This place used to be something to see. On special nights, the chairs and tables would be cleared so couples could dance. There was a group of musicians down the street who would come in and play and play. Sure the laws said they had to stop at a certain hour and everyone had to clear out. But those were the days when a person could be a happy rebel.
The tables are cleared out now, but there’s no dancing. Looters have left the place in a miserable state. All that’s left is a few boxes stacked up in the middle. It makes for a functional table, but function isn’t what’s important. There used to be a place for extravagance: beautiful lathe work that ran up the legs. Tops that were polished so perfectly that the younger, vainer girls would do their makeup in them.
There were years, when the patrons were so numerous here, that a person couldn’t possibly remember all their names. Now, just three and their names are still a mystery. There’s the gentleman, the boxer and the flower girl. That might not be their actual stations, it’s just what they look like. Remy brings them another bottle.
“I don’t think I could drink anymore.” The boxer says.
“Sir, my boss says that if you drink it, he’s going to use it to mop the floor. Anything to make sure it never touches the lips of a single greycoat.”
They all share a laugh, not realizing the seriousness of the statement.
“Well then, we certainly can’t let something of this quality fall to that destiny.” The flower girl says as she grabs the new bottle and re-fills her glass before raising it.
The gentleman follows suit, but the boxer hesitates.
“Is there really time for this?”
“Remember who you are. Even if hell is only a couple hours away-”
A low rumbling courses through the room, shaking some dust from the rafters.
“An hour at best.” The flower girl corrects.
“Even if hell is only an hour away, there’s time for a drink, it’s our heritage.”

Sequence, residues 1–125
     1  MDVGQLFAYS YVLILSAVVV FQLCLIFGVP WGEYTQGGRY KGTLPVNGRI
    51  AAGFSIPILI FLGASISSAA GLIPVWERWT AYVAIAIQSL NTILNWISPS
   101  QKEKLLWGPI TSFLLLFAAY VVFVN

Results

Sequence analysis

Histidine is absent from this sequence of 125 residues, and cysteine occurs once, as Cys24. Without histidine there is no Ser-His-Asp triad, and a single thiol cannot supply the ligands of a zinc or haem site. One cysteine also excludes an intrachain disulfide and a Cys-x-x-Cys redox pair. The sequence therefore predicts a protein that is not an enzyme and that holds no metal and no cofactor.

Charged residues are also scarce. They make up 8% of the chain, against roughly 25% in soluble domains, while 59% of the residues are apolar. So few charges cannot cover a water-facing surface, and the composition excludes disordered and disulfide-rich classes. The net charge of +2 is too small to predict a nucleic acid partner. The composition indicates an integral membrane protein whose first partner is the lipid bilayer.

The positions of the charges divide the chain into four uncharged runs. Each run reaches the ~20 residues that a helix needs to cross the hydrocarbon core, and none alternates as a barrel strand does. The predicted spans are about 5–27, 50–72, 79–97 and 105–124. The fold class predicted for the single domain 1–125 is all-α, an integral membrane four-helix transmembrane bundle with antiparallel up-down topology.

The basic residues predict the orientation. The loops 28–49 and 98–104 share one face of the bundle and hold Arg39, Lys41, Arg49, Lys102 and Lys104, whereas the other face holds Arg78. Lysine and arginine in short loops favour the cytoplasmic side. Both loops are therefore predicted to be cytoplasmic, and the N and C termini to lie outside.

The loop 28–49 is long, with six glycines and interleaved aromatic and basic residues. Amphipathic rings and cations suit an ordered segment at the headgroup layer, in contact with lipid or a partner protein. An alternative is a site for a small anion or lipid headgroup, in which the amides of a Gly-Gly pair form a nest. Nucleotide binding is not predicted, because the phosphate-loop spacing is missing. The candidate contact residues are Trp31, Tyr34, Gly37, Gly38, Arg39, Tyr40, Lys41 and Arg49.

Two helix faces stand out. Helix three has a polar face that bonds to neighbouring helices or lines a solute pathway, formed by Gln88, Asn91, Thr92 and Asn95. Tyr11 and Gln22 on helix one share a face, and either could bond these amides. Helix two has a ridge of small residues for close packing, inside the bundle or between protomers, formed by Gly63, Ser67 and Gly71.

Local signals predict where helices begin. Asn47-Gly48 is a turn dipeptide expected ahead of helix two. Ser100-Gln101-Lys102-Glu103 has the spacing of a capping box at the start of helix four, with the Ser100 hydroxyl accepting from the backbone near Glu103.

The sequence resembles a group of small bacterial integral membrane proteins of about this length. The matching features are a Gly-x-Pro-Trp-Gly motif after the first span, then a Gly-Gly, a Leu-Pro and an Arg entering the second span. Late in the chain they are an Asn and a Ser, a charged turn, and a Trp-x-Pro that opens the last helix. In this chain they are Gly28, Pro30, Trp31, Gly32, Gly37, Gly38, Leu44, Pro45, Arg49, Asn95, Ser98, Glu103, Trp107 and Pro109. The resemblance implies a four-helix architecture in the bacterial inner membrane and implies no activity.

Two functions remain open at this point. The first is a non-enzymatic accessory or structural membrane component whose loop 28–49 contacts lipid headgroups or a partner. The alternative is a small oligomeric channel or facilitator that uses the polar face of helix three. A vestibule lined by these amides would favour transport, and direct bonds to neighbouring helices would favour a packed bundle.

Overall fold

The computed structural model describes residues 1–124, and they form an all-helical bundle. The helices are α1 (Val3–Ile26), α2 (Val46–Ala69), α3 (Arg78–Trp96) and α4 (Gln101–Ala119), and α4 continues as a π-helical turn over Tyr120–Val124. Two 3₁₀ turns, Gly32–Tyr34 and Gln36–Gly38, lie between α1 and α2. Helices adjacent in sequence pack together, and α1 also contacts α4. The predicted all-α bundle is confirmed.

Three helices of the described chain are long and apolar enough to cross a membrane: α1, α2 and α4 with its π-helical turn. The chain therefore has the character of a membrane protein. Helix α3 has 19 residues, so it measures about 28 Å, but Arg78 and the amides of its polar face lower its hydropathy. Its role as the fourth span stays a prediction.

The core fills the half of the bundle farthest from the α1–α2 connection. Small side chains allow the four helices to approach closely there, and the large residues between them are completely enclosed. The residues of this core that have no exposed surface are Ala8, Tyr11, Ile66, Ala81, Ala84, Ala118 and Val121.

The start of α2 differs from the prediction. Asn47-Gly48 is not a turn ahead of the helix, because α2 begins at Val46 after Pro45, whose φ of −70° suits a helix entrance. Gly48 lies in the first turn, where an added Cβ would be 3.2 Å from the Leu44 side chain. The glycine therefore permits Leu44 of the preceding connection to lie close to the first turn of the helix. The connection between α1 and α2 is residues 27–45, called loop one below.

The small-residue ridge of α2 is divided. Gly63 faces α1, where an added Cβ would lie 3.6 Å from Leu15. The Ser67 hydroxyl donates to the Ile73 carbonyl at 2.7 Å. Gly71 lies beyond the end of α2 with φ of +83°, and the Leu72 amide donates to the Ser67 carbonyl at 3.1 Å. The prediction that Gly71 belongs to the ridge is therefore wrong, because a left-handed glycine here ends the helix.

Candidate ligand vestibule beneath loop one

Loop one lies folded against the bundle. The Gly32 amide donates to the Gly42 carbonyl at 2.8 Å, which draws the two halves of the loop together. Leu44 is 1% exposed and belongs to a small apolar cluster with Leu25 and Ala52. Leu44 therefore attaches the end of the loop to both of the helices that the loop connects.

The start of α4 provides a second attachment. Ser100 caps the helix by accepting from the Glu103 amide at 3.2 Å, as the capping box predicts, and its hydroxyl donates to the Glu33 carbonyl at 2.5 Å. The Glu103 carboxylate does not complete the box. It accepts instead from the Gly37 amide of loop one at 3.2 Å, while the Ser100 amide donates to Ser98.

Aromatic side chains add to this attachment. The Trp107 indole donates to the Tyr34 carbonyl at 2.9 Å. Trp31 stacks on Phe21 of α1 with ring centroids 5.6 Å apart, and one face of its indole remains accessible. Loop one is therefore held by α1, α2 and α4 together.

“I’m an immigrant.” The boxer says. “But okay.”
He joins their toast.
“To the honorable regime.” The flower girl says. The sarcasm she oozes isn’t lost on anyone.
“To the honorable regime.”
The bottle is emptied not much longer after that. It’s nice to see. Back in the day, the glass would pile up behind the bar. The alcohol would pulse through everyone’s veins and their eyes would glimmer. Sure there were some who couldn’t handle it, but even they had their place in the swirling joy of people, young and old, living out their minutes. It’s a shame that there isn’t just one more bottle.
“Well, I suppose we should be going. See you all here in a two years?” The gentleman says.
“You mean we’re not sticking together.” The boxer asks.
“Of course not. It’ll be hard enough getting out of this damn country by ourselves, let alone as a group.” The flower girl says.
“She’s right. It’ll be okay though, we know what we have to do and I have the uttermost faith that we have the knowhow to get it done. Right?” The gentleman says.
“Right.” The boxer says.
“So once again. Meet here in two years?”
The gentleman places a hat on his head. He takes a casual stroll towards the door as another rumble makes it’s way to the room. The other two follow shortly after. That was always the saddest part of those days gone by; watching everyone leave. Of course, they had their own lives to live and the little bar could only hold so many of their memories, only so many choices.
Remy returns to the backroom.
“Sir, we should really get going ourselves.” He says, his concern is genuine just like everything about him. There aren’t too many like him anymore.
“Go on.” I tell him.
“I can’t just leave without you.”
“You heard those three. It’ll be hard enough by yourself. I can’t risk you not making it.” I take a drink from the glass I shamelessly stole from my last three customers. “Someone needs to be here when they arrive in two years.”
“You really think they’ll make it?”
“I have to or else these last few moments will be excruciating.”
“Goodbye sir.” Remy says before leaving.
I lean back in my chair. It’s hard to sit as the rumbling grows louder and more frequent. But I’m able to concentrate just long enough to think about Collette a few more times.
I’m not sure if Tidbit Thursday will be a regular feature, or if it’ll be the actual name if it does. But for now, it works. Basically, I just want to be able to write something short and sweet once a week and share it with you guys. This also gives me a chance to be a little more experimental. You have been warned. Perhaps these little things will eventually become something more. I don’t know.